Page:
"It's natural that all these countries are looking for ways to somehow confront the economic challenges facing them and to stabilize the situation. On the other hand, China is searching for new markets for export and investment. Major investment agreements have been signed, but under circumstances which have changed. Previously, these Latin American countries had counted on new markets and investments in the context of the TPP. Certain forces were attempting to [use] this project against China. The Chinese, as they tend to do, obviously sought to outmaneuver these forces and to integrate into this architecture. Now, everything must be rebuilt on the go. This, I believe, explains Xi Jinping's mission, and its results."

    Kharlamenko stressed that a "sharp economic and political rivalry" for Latin America is virtually guaranteed to form between China and the United States in the near future. "It had been gaining momentum earlier, as it has in several other regions in the world, and now, it's obvious that it will intensify," the political scientist noted.

    Accordingly, he added, Beijing's ability to prove that it can challenge US hegemony will help determine its status as a great power politically, and not just economically. 

    "It's one thing when China frenziedly expanded economically and in terms of trade in North America, and in this context was able to advance its influence in other regions. Washington found this difficult to resist, fighting it with one hand, and shaking hands with Beijing with the other."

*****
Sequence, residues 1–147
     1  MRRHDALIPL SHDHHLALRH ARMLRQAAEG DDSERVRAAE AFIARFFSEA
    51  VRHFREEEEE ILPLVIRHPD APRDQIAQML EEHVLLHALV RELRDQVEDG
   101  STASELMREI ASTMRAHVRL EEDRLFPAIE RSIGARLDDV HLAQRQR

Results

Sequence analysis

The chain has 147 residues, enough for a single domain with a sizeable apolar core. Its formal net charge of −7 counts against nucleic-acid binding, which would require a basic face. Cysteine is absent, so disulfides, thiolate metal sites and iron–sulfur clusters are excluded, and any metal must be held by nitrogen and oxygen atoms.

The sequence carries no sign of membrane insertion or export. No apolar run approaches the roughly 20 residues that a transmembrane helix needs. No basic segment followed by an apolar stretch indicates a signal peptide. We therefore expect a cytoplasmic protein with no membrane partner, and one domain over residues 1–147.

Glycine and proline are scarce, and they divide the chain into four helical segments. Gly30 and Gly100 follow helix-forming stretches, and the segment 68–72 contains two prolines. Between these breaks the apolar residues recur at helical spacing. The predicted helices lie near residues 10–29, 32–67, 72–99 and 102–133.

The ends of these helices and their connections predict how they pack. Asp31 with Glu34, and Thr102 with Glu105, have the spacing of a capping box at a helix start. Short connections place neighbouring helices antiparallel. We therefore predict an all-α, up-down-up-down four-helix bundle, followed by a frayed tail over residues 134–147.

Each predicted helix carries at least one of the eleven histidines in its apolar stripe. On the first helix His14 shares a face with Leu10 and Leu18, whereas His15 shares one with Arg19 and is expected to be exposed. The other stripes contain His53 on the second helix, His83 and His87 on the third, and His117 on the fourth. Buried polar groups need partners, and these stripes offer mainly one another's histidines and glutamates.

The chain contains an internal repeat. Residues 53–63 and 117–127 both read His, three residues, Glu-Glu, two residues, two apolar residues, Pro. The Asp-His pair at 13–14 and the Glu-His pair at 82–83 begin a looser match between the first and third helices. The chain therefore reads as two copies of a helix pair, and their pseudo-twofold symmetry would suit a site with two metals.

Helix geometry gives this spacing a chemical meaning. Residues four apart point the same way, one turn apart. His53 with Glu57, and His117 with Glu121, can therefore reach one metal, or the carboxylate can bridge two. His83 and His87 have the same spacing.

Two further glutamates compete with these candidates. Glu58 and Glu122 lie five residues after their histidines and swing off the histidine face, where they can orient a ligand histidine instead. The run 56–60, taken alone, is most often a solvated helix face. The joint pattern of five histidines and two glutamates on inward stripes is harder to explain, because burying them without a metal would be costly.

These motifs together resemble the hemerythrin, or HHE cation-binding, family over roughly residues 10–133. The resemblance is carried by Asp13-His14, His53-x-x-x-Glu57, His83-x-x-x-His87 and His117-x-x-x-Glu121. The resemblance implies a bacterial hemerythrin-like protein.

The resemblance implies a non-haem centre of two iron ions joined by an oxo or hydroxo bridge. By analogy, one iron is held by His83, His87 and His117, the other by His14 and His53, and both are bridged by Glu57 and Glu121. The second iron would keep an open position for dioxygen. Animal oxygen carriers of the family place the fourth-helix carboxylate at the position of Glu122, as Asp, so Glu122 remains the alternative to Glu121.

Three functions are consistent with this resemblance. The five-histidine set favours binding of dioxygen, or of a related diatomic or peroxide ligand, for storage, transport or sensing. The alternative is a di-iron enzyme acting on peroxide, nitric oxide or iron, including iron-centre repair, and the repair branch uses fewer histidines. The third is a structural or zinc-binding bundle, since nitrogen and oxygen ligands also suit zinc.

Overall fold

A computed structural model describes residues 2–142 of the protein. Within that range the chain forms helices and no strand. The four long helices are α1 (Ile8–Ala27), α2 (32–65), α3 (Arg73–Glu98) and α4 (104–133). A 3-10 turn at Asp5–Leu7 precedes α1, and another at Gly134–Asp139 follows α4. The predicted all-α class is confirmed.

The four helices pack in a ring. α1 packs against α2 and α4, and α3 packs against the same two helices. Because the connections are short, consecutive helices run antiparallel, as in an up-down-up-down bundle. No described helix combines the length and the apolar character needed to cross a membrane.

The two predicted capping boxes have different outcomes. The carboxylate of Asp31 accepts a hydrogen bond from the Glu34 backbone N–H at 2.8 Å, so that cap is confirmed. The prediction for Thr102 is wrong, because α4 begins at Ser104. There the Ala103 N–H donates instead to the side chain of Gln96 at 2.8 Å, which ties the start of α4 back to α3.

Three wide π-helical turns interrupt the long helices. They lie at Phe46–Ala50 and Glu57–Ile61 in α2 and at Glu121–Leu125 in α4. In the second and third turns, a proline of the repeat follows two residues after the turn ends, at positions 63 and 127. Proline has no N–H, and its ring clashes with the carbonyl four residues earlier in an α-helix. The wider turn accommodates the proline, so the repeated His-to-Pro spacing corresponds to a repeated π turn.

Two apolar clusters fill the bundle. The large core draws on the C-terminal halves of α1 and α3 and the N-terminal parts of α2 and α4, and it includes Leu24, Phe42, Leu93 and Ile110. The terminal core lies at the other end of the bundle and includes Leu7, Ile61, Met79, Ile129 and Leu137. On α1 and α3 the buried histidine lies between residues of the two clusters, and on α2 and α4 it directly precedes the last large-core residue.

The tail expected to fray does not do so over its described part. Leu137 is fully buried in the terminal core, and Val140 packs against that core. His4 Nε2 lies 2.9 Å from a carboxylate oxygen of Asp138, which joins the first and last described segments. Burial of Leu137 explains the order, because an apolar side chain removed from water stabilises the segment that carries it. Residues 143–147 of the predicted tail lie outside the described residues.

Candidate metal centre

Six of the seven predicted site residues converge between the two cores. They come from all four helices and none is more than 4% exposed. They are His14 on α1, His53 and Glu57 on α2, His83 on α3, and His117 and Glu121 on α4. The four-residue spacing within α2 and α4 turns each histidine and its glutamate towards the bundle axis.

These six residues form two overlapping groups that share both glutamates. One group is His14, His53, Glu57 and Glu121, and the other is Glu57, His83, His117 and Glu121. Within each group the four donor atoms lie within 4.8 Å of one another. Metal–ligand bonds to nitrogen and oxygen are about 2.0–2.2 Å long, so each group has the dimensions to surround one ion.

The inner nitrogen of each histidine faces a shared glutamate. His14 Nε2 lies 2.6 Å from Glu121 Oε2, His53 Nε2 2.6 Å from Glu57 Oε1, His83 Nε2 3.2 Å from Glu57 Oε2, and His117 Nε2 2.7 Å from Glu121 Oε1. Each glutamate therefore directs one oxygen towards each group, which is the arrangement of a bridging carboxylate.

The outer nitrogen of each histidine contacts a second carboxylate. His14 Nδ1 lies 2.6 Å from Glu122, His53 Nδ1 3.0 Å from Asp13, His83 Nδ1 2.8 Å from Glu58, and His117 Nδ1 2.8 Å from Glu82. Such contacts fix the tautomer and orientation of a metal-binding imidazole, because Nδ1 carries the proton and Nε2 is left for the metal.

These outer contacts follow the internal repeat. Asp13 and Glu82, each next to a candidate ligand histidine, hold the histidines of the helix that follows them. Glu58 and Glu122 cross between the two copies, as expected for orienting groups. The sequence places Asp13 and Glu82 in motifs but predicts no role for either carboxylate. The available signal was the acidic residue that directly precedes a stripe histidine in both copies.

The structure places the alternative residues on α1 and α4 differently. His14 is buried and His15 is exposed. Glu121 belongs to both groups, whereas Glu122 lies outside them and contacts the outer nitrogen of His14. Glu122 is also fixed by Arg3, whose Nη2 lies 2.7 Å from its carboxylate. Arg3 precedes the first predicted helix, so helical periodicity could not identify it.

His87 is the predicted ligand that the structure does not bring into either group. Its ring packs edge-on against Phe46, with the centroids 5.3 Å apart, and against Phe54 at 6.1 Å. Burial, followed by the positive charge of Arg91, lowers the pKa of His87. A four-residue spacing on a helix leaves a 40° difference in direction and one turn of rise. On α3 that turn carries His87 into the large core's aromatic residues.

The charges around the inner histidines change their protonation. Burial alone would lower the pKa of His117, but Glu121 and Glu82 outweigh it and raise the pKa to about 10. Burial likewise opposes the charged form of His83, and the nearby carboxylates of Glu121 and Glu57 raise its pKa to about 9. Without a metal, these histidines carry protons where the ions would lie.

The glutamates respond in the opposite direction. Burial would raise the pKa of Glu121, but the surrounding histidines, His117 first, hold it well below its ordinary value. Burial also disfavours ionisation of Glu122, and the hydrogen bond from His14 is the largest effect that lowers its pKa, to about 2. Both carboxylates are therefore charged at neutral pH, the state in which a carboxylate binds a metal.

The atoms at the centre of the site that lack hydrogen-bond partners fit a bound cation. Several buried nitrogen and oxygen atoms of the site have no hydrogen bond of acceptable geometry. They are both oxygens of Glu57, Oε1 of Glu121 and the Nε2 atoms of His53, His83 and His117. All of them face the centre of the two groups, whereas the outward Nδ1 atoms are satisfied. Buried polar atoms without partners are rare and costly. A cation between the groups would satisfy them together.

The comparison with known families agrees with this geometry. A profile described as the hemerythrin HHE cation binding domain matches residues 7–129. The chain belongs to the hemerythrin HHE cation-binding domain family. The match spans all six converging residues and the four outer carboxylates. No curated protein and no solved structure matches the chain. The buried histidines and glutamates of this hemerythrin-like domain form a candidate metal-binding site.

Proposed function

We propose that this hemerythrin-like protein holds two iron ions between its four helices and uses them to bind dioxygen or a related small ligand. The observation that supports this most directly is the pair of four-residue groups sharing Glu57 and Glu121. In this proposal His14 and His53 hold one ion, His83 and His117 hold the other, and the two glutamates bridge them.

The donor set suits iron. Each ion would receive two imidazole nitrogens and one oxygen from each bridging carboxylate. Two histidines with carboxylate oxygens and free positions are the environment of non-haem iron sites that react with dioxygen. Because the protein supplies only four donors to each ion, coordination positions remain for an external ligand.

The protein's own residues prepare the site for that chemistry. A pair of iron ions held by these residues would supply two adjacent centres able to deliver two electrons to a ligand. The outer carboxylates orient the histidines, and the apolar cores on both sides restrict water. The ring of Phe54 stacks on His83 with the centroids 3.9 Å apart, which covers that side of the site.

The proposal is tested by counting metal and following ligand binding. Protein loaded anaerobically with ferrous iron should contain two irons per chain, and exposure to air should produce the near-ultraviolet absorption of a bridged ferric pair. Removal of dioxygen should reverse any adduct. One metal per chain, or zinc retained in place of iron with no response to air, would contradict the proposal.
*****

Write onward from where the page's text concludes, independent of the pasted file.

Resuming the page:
But President-elect Trump's election rhetoric took an unprecedentedly tough stance on China. "Specifically," Kharlamenko recalled, "he announced the possible increase in customs duties on Chinese exports to the United States. And this creates a much more serious situation. In the near future we will see the political manifestation of this worsening of relations, and this in turn will impact China's relations with Latin America."

    As far as President Xi's trip is concerned, Kharlamenko pointed out that the Chinese leader was able to push forward with agreements on cooperation with these Latin American countries in spite of the ambiguous political situation facing all three countries.

    Ecuador, for instance, faces elections in February, whose outcome is difficult to predict, given the background of sharp political changes across the continent, and the country's strong dependence on outside factors when it comes to its economy. 

    A similarly tense political situation exists in Chile and Peru. Peru's new President, Pedro Pablo Kuczynski, won elections by only one percentage point, and faces an opposition-controlled parliament. Meanwhile, in Chile, opposition forces will almost certainly take advantage of rising social unrest against economic difficulties ahead of presidential elections scheduled for next year.

    Nevertheless, Kharlamenko stressed that so far, the serious political risks associated with orienting their economies toward China has not affected the dynamic growth in trade and investment cooperation with these countries. On the contrary, Xi's visit gave a political impetus for Chile to join the China-led Asian Infrastructure Investment Bank.